The Toyota Tacomas are built for off-roading. Toyota offers plenty of trim levels dedicated to the off-road sport and lifestyle. What do you do when you want to spend the night out in the wild? From weekend camping to serious overlanding, a rooftop tent will make your trip even better.
Why a rooftop tent? Tents that you can put on the ground can take up very little space and can be pretty inexpensive, but rooftop tents offer so many benefits. While more expensive, the size you get is leaps and bounds over most ground tents. When camping, it is always best to stay off the ground if possible to help avoid unwanted critters and weather from joining you. A rooftop tent keeps you high off the ground and safe. They are also very fast to set up compared to ground tents as they normally “pop up.”
Types of Roof Top Tents
There are a few different types of rooftop tents, and they have a few different mounting options too. First, despite the name, some can be either mounted on your roof or over your bed. They usually need a specific mount/roof rack that the base of the tent must attach to. Sometimes you can get these mounts directly from the tent’s manufacturer, and other manufacturers offer mounting options that work with aftermarket racks.
The most basic of the rooftop tents pop up to form one single sized room around the size of the bed or cab of the truck. They generally have a few windows and one entry, similar to a normal single person or smaller two-person tent. These can either pop straight up to a rectangular shape or pivot up on one side to form a wedge.
Larger models have about double the surface area that hangs over the side of your truck. They are supported by a ladder that climbs up to the entry point of the tent. These are similar in size to a large ground tent, but since they are folded up on the back/top of the truck, assembly is as easy as opening it up, and it unfolds and pops up. They can generally be up and ready in less than three minutes.
There are some that are basically mansions. While similar to the larger model described above, these offer different levels and rooms. For example, you can find these with a tall room that surrounds the ladder section. It’s great for a living room to set up some chairs and relax before heading up to the main tent. Since the ground is your floor, you don’t have to worry about weight limits, and the fact it leads up to the main section, you can stand up fully without worrying about hitting your head.
Mounting A Roof Top Tent To Your Tacoma
When it comes to mounting these, you need a rooftop tent rack. Sometimes you can get these with your tent through your tent’s manufacturer, but I would suggest probably getting one you like from outside the tent manufacturer. I did a whole post on Toyota Tacoma bed racks, but in short, they are extremely versatile additions to your truck. Not only can you mount a tent on top, but there are so many storage, lighting, and hauling options. If you get one from the tent’s manufacturer, there is a chance that it may be useful for just the tent, and that’s it.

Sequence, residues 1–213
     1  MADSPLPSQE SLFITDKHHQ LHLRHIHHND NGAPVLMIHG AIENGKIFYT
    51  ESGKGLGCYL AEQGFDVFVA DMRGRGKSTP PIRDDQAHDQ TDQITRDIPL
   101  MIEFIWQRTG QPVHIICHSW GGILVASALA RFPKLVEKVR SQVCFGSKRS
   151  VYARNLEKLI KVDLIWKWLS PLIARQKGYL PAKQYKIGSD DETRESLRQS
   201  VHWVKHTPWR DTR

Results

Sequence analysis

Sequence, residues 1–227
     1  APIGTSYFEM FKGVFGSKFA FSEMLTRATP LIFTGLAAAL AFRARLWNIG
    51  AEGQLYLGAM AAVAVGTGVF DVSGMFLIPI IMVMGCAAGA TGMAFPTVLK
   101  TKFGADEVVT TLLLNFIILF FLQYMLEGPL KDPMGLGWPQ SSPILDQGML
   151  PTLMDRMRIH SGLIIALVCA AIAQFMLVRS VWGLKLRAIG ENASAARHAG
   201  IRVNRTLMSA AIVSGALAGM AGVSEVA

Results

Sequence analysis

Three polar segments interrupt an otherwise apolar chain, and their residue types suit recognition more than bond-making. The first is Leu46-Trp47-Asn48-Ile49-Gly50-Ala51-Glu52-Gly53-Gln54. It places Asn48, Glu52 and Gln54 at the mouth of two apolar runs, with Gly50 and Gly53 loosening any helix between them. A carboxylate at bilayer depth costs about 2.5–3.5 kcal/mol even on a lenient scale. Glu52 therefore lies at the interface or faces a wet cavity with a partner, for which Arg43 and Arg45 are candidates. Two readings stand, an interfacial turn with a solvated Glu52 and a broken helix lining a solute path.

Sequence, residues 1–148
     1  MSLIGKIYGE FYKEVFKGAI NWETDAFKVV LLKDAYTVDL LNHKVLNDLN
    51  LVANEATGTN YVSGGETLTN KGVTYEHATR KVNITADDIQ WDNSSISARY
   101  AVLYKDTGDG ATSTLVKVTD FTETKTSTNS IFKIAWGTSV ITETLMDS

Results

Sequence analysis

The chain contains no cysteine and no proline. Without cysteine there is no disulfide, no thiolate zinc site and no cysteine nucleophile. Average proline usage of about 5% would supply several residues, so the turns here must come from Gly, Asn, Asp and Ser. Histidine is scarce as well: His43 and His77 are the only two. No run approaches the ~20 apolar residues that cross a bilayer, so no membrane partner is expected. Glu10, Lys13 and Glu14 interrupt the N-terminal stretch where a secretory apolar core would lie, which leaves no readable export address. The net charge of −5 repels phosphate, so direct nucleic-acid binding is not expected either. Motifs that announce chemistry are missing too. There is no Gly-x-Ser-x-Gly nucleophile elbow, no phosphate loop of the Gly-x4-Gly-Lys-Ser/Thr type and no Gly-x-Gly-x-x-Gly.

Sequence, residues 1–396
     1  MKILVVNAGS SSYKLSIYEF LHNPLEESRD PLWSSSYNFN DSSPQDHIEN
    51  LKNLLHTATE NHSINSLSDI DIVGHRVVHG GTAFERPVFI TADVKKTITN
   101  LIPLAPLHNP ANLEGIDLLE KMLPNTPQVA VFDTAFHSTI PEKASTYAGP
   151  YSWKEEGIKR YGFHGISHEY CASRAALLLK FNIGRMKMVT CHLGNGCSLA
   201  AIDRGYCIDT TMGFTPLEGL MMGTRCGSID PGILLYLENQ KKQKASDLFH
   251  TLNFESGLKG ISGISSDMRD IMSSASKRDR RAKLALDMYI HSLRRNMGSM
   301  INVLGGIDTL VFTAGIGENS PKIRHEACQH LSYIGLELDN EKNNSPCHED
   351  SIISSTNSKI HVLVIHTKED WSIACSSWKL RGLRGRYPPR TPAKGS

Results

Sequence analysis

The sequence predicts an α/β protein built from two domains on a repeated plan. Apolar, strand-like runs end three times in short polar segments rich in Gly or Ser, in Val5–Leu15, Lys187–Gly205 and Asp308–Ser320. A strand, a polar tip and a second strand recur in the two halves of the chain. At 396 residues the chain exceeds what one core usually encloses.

Bed racks can be found from around $500 to $1000 depending on modular attachment points, finish and color, material, and size.
Roof racks are around $200 to $700. These can be a little trickier to make sure they work with your tent. A common reason people get a roof rack is to have an area to tie down equipment to. For that reason, they don’t have to be level or support excessive weight. Take a look online to make sure the rack you choose supports or can work with rooftop tents if that’s how you plan to mount your tent.
A quick word of advice: the bed of your truck is far more capable of supporting weight. While the A, B, and C pillars can handle the extra weight on the roof, the roof itself is not entirely designed for it. There is a chance the metal can flex and dent. Be careful with your selections.
Popular Brands Of Roof Top Tents
While there are many brands of tents, two of the biggest that are most popular with Taco drivers are Cascadia Vehicle Tents (CVT) and Tapui. They both offer many different sizes and options.
One tent that will pop up (no pun intended) over and over again in your searches is Cascadia Vehicle Tents (CVT). They make units from $1000 to close to $3000, but they are a favorite for sure. From two-person to four-plus person tents, if you have a tent need, they can cover it. You can also rent their tents as well.
Another popular full-sized tent is from Tapui. For around the same price as a CVT, they offer hard shell and soft tents. They have plenty of different models to fit your needs. Compared to CVT, they offer plenty of tents that don’t hand over the size of the truck.
From $1,700 to $2,500, Big Foot Tents offers a wide selection of models that claim you’ll have the “best night sleep you’ve ever had.” That’s a pretty large claim. They mostly offer hardshell pop-up tents, but do offer some larger, soft ones as well.
All for around $1,600, Smittybilt offers some “universal-fit” options in the event you have more than just your Tacoma. Make sure the measurements fit your truck. You take a gamble with universal fits when it comes to anything, but sometimes they can be more versatile.
Full-Sized CVT - Tacoma World User trevordavis14
Full-Sized Tepui - Tacoma World User MJonaGS32
Hard Shell Pivot - Courtesy of Gear Junkie
Full Tent - Courtesy of Low Range Off Road